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Court of Appeal tells Home Office to reconsider “plainly wrong” decision on Turkish business person application


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The Home Office must reconsider an application in the now closed Turkish business person route after an poor initial decision to refuse was then compounded by flawed decision making on administrative review and in the subsequent judicial review. The case is R (Ozmen) v Secretary of State for the Home Department [2023] EWCA Civ 1366.


The appellant arrived in the UK as a student in December 2019 and then applied for leave to remain as a Turkish business person in May 2020. The appellant’s immigration adviser submitted a detailed proposal (89 pages including appendices) for him to work as a mobile barber in Derbyshire. The application was refused in March 2021 with only brief reasons provided. The administrative review was also unsuccessful in February 2022.

The refusal letter stated that the appellant’s work history could not be verified as he had not submitted a “SGK” which refers to database records from the Turkish social security system. This is despite the fact that the appellant stated that he had been working freelance and SGK records only salaried employment history. This point was raised in the administrative review and the response entirely failed to engage with it.

The refusal letter also raised concerns about the appellant’s ability to effectively travel to clients. The decision maker relied on information they had taken from Google maps and there was no reference to the evidence about travel that had been provided in the business plan. When it was pointed out that the decision maker had used unreliable data as times had been impacted due to Covid, the person carrying out the review said that they could not accept new evidence that was not available to the original decision maker.

An application for judicial review was lodged and permission was granted at an oral hearing, after initially being refused on the papers. However the substantive judicial review was dismissed by the Upper Tribunal in November 2022. The appellant appealed to the Court of Appeal.

The Court of Appeal’s decision

The Court of Appeal granted permission on three grounds:

(1) The judge was wrong to conclude that the refusal of the appellant’s application by the respondent involved no finding of dishonesty or lack of bona fides. As a matter of procedural fairness, therefore, the appellant should have been provided with an opportunity at interview to respond to concerns about the genuineness or credibility of his application.

(2) The judge’s conclusion was irrational, particularly in the absence of any evidence to indicate that the appellant’s qualifications and training had been taken into account by the respondent.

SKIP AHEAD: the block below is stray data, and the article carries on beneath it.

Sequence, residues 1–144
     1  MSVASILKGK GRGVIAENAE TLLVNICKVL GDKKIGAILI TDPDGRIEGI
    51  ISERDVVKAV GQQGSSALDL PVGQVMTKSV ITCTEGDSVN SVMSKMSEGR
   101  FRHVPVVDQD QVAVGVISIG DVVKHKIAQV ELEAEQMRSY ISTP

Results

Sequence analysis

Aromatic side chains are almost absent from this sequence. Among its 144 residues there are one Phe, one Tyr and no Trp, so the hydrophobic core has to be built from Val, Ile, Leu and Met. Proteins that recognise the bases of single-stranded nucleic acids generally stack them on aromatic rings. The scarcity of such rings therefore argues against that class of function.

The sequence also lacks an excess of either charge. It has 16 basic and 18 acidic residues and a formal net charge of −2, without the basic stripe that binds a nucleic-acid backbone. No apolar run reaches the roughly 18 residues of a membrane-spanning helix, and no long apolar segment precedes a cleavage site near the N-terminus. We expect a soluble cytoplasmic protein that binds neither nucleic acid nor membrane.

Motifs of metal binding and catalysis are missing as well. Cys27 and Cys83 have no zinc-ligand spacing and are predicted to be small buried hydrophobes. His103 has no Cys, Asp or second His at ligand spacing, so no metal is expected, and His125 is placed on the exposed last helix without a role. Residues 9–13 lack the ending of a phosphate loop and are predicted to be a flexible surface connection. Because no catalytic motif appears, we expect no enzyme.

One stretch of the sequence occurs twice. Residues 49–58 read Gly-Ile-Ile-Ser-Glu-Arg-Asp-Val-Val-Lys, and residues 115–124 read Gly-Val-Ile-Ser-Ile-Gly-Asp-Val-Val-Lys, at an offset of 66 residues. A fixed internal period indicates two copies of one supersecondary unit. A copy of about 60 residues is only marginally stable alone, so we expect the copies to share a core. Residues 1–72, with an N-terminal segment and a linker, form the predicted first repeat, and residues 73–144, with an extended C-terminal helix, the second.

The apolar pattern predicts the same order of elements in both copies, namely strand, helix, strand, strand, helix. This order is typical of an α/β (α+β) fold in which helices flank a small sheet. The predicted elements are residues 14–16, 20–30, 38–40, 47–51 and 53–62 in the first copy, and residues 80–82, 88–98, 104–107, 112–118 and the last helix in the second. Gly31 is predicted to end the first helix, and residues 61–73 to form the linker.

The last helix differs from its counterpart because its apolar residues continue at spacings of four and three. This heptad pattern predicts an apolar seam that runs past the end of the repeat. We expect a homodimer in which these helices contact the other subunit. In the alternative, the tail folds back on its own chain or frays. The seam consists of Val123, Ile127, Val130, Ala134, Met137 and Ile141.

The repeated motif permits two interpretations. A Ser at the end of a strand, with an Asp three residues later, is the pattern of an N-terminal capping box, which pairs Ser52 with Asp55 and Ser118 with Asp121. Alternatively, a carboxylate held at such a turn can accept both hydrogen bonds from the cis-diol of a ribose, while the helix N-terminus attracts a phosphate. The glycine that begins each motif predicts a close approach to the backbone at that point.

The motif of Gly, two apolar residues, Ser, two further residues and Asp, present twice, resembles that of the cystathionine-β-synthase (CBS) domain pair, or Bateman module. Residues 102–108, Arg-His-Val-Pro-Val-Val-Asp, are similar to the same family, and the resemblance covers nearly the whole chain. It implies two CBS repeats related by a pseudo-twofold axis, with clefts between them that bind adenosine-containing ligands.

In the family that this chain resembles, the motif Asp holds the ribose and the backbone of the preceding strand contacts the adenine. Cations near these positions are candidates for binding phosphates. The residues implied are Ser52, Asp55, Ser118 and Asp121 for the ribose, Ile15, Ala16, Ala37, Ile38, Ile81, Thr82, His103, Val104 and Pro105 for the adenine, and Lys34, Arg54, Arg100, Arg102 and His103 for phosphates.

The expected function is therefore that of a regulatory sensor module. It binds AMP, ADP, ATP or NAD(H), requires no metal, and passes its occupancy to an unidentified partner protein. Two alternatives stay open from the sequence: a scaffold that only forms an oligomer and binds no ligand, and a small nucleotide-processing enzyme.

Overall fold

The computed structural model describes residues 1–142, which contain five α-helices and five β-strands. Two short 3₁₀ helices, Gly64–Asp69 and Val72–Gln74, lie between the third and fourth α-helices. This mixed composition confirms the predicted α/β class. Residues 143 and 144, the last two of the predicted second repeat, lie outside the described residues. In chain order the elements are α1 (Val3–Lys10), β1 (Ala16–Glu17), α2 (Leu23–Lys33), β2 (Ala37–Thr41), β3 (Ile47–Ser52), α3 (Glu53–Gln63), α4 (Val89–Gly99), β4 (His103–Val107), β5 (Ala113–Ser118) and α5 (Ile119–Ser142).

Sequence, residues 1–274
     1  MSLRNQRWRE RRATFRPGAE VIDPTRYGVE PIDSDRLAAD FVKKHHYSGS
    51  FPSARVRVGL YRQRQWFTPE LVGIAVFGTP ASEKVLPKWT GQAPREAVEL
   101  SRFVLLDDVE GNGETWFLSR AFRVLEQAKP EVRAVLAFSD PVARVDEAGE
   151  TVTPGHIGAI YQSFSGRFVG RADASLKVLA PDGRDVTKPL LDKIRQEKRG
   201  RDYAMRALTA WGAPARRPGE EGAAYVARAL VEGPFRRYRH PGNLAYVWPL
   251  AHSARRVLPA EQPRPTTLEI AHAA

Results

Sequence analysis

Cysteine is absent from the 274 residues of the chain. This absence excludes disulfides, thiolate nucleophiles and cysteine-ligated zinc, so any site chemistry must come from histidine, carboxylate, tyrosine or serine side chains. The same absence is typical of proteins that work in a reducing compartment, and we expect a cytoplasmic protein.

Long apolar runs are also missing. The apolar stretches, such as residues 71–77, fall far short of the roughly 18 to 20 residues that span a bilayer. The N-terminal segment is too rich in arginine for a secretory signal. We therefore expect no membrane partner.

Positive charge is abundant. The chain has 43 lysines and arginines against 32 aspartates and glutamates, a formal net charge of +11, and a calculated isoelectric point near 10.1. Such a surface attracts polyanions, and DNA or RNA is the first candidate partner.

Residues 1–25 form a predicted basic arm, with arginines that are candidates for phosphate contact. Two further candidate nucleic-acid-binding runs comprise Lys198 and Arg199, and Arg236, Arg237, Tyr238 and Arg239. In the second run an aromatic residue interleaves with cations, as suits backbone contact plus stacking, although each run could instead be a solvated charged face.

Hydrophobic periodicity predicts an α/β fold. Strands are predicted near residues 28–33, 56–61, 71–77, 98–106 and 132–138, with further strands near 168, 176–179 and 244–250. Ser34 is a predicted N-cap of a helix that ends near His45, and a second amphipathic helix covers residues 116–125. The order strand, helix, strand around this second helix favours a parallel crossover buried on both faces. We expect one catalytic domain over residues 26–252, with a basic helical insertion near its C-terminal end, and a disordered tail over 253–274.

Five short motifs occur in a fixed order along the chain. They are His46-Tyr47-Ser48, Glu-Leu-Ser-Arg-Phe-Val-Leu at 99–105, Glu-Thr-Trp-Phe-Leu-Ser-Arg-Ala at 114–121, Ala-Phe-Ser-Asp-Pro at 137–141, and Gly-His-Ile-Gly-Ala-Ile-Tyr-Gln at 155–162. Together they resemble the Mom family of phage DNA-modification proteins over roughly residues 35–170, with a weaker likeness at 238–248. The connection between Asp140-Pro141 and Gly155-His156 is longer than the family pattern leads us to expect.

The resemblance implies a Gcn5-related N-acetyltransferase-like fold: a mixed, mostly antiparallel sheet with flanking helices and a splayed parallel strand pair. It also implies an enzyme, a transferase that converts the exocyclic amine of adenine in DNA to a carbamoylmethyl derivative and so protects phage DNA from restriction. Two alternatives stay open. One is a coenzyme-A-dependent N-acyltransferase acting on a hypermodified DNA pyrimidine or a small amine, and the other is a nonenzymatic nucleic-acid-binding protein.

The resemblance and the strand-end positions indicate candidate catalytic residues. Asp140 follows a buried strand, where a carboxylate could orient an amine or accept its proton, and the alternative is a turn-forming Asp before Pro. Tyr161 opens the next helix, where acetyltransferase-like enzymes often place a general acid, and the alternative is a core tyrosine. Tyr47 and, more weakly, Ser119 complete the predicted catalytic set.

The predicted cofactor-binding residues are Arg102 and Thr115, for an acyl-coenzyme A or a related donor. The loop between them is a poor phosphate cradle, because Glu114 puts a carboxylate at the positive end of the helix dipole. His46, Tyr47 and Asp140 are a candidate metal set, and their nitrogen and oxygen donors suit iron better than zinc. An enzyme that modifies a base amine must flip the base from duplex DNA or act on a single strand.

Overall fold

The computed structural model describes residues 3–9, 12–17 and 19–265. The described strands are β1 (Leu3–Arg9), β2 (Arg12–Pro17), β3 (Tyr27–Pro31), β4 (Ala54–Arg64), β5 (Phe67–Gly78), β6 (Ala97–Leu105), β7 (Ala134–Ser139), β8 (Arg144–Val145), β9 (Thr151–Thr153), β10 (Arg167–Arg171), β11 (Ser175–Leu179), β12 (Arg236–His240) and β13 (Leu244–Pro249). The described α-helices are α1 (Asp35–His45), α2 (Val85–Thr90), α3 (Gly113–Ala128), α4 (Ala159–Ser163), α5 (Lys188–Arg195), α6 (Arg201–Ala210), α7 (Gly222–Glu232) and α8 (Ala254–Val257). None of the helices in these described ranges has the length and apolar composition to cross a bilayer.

(3) The judge erred in law in rejecting the appellant’s argument that the respondent acted irrationally in concluding, on the basis of its analysis of the travelling time to one potential client, that the business plan was not viable.

The Court of Appeal dismissed the first two grounds but on the third issue found that “the original decision-maker, the administrative review and the Upper Tribunal Judge all fell into error”. They said that it was irrational and wrong for the original decision maker to consider the proposal using one superficial search they had carried out on a different website to the one provided by the appellant.

The administrative reviewer was then wrong to state that the appellant had not provided the information on travel. The Upper Tribunal judge had not picked up on the fact that the original decision maker had failed to consider the appellant’s evidence and so fell into error on that basis. The court concluded that “the original decision was a superficial and flawed analysis of Mr Ozmen’s application which should have been recognised as such by the administrative review and the [Upper Tribunal]”. 


This must have been a hugely costly and frustrating experience for the appellant, who has lost over three years of his life as a result of some extremely poor decision making that really should have been rectified long before now.

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Sonia Lenegan

Sonia Lenegan is an experienced immigration, asylum and public law solicitor. She has been practising for over ten years and was previously legal director at the Immigration Law Practitioners' Association and legal and policy director at Rainbow Migration. Sonia is the Editor of Free Movement.